HUD homes are residential properties sold by the Department of Housing and Urban Development (HUD) after a family forecloses on a mortgage insured by the Federal Housing Administration (FHA). Many people wonder, “What is a HUD home?” when searching for properties to buy. Whereas a bank usually assumes ownership of privately financed home that has been foreclosed on, the HUD takes ownership of foreclosed houses that have received FHA financing.
The HUD Home Store lists a variety of properties that you can browse through if you are interested in purchasing this type of house. HUD homes for sale vary in price and location, but they can be found just about anywhere in the country, in a variety of different cities and rural areas. The process of getting a home involves searching for available houses in your area, obtaining financing, submitting a bid and having the home inspected.
Who is eligible for an HUD home?
HUD houses for sale are available to many different people and entities who would be interested in purchasing homes. Any of the following buyers are eligible to purchase a home:
- Real estate agents and brokers
- Government agencies
- Nonprofit groups
- Any other buyer
Initially, HUD foreclosed homes are offered to owner-occupants, which is simply a term for individuals who plan on living in their homes as their primary residences. If no owner-occupants bid on a home during a set period of time, the home is made available to all other entities, including investors, nonprofit groups and others listed above.
When asking, “How do you qualify for a HUD home?” keep in mind that you will need to have cash on hand or a loan in order to pay for the home. If you are unable to cover the purchase price of a home from the HUD on your own, and are not eligible for financing from a lender, you may not be able to purchase a house through this program.
Where to Find HUD Homes for Sale
Before you can start buying a HUD home, you will have to look at available listings in the area where you want to live. The HUD Home Store is where you will find all of the properties for sale in your area. The store allows you to search using a variety of criteria, such as your desired state, county, city, price range, house size and more.
After entering your search terms, a variety of available properties matching your criteria will appear. Keep in mind that some areas of the country will have far more homes to choose from than others. At any rate, HUD listings change regularly, and you can always repeat a search at a different date, in order to see new available properties.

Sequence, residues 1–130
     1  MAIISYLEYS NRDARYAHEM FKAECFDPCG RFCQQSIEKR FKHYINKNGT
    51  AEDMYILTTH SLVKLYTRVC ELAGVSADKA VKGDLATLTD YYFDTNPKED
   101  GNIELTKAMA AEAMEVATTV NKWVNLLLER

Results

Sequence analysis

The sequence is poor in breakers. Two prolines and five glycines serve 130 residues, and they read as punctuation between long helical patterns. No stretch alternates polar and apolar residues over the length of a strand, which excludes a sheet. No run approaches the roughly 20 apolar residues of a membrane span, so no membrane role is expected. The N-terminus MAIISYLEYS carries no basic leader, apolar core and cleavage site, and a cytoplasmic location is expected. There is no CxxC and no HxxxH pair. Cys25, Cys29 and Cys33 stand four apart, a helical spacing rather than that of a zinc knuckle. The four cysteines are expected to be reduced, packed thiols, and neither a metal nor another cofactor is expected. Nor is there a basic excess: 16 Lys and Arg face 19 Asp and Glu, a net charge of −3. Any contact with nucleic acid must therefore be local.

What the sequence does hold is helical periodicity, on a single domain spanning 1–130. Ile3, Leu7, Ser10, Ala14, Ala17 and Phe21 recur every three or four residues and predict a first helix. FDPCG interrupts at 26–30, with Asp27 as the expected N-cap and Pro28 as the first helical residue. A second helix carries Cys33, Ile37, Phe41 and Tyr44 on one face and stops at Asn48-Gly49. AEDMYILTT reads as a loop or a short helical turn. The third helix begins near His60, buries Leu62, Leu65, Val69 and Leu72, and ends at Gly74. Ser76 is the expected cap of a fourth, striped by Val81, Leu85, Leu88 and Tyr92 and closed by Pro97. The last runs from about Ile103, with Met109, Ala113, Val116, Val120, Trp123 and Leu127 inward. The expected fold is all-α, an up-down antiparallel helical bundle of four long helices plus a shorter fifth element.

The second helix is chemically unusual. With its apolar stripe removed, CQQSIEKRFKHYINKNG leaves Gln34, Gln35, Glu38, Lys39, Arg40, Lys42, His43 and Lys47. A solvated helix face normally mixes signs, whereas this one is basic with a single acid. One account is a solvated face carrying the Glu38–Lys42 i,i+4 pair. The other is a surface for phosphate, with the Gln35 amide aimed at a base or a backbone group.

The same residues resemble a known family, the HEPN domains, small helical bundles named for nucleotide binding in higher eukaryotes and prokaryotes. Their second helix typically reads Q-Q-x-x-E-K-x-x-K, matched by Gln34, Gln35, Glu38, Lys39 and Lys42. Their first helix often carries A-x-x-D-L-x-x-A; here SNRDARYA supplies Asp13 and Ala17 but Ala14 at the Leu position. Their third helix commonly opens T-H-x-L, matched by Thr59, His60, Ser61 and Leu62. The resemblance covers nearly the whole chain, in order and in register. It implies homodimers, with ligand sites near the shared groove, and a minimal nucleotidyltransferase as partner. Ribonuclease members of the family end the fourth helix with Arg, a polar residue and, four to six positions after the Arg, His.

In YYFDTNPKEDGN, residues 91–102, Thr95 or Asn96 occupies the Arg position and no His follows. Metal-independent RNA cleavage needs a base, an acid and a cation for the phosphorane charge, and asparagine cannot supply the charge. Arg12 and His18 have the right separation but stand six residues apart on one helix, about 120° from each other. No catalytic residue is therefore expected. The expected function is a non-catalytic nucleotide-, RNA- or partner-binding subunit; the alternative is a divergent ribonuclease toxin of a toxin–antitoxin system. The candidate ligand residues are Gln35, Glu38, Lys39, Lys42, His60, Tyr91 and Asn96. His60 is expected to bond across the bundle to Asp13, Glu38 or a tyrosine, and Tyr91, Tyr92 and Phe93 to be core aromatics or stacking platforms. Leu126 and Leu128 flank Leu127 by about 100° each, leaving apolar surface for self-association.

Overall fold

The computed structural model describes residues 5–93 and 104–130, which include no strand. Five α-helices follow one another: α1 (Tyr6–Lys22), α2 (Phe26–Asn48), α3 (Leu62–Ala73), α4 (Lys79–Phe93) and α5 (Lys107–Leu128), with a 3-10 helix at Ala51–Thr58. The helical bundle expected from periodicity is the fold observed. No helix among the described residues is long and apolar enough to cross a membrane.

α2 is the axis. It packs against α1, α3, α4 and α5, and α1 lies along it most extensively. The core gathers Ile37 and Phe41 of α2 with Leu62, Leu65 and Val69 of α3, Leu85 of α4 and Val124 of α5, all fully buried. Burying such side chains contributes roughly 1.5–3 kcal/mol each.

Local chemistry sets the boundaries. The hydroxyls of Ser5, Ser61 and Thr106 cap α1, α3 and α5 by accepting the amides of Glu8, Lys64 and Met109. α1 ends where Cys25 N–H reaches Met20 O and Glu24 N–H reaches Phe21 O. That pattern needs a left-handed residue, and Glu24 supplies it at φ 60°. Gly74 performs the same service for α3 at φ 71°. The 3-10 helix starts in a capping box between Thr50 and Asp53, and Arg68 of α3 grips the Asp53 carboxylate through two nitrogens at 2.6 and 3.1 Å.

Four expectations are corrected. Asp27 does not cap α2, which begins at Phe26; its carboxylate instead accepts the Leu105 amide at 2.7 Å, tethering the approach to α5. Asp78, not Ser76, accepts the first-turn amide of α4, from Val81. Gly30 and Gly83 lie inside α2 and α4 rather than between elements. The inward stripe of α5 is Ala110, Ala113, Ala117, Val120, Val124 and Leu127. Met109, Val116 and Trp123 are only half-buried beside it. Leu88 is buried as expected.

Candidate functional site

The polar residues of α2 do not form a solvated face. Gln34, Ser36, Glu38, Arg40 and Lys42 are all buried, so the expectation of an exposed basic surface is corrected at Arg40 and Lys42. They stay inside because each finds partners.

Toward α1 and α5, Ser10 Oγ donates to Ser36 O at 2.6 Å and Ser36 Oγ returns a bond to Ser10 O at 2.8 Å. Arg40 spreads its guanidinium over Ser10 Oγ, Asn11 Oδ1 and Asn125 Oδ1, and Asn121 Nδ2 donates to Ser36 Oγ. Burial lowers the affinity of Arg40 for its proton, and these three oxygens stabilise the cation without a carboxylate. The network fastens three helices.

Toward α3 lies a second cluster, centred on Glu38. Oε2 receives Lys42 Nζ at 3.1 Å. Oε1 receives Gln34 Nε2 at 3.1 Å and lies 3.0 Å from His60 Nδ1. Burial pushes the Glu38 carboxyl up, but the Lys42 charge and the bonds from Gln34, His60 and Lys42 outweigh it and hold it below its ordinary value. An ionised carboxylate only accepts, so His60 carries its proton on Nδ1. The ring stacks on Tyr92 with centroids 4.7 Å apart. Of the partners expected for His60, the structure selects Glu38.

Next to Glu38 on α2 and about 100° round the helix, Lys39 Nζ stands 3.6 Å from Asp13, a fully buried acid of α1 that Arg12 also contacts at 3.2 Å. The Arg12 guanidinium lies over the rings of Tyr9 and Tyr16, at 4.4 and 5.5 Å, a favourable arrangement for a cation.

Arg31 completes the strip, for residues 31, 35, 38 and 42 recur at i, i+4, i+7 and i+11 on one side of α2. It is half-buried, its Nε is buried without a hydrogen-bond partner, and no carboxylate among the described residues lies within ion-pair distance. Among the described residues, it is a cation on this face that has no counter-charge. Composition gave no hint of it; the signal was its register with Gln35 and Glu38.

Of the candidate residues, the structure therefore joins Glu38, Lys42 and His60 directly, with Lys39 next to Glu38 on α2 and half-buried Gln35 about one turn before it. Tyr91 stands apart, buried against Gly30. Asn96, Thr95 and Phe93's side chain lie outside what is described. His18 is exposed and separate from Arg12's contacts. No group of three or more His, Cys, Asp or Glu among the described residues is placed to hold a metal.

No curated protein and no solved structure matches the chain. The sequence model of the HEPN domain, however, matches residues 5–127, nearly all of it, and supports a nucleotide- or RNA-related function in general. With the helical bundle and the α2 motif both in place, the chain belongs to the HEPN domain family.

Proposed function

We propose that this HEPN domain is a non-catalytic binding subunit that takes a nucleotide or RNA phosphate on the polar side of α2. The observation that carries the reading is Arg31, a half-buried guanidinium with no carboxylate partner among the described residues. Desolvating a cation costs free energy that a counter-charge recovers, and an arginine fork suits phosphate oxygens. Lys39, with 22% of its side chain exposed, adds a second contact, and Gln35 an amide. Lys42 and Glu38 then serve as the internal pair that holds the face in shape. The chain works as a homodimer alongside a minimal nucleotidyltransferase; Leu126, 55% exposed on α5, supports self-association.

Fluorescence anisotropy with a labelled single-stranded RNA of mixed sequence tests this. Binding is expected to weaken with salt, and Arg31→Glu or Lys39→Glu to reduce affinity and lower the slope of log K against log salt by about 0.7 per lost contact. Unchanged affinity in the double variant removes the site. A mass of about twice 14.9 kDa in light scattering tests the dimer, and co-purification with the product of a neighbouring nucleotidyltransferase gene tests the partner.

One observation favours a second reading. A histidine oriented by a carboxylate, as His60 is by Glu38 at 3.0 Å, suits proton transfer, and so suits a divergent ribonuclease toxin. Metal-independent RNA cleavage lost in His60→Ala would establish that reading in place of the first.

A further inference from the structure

The Process of Buying an HUD House
After locating HUD properties in which you are interested, you may begin the process of buying a home. Remember, HUD home listings are initially only available to owner-occupants for a set period of time. During this period, if you would like to purchase a home, you will need to place a bid on it. If you are a first-time buyer or are not registered with the HUD, you may need to have a realtor place a bid for you. Download our comprehensive guide for more information on finding a broker to place a bid on your behalf.
Keep in mind that if you are an investor or any other type of buyer, you will need to wait until the owner-occupant bidding period has ended before you can bid on a property yourself. The status of a home, as well as the list of people eligible to bid on it at any given time, will be indicated on the home’s listing.
Overall, the process of buying an HUD home is similar to that of purchasing a home through other means, aside from the fact that you must place a bid on a house, rather than submitting an offer. You will still need to have the money to pay for your home, or arrange financing to cover your mortgage. Furthermore, a home inspection is an integral part of the buying process, whether you are getting a home from the HUD or any other type of property. You will also need to go through a standard closing process to complete the purchase.
Paying for a HUD House
When looking at HUD owned homes, it is important to be aware that you cannot get financing from the HUD. Instead, you will either need to have the cash on hand to pay for your home, or you will need to qualify for financing from a mortgage lender. However, in some cases, you may be able to get an FHA-insured mortgage in order to pay for your new home.
HUD houses may be available at a reduced cost if you are looking for homes in revitalization areas and you are a teacher, a police officer or another type of emergency personnel. Such price reductions are available through the Good Neighbor Next Door program.
HUD Home Inspections
When looking at HUD home listings, keep in mind that any property you are seriously considering should be inspected, just as you would inspect any other home for sale. The HUD strongly recommends that you use a professional home inspector before you finalize a home purchase.
At any rate, it is important to keep in mind that the HUD does not provide a warranty for the condition of any of its properties, nor does it assume responsibility for repairs or defects that may be found during an inspection. Learn more about the process of inspecting homes from the HUD by downloading our detailed guide.
Many HUD properties for sale are in need of renovations or repairs. In the event that your home needs to be modernized or fixed up, you may qualify for a loan from the FHA to cover the costs. No matter how you plan on paying for repairs, it is important to be aware that the HUD will not take responsibility for any damages that you report after closing on your home.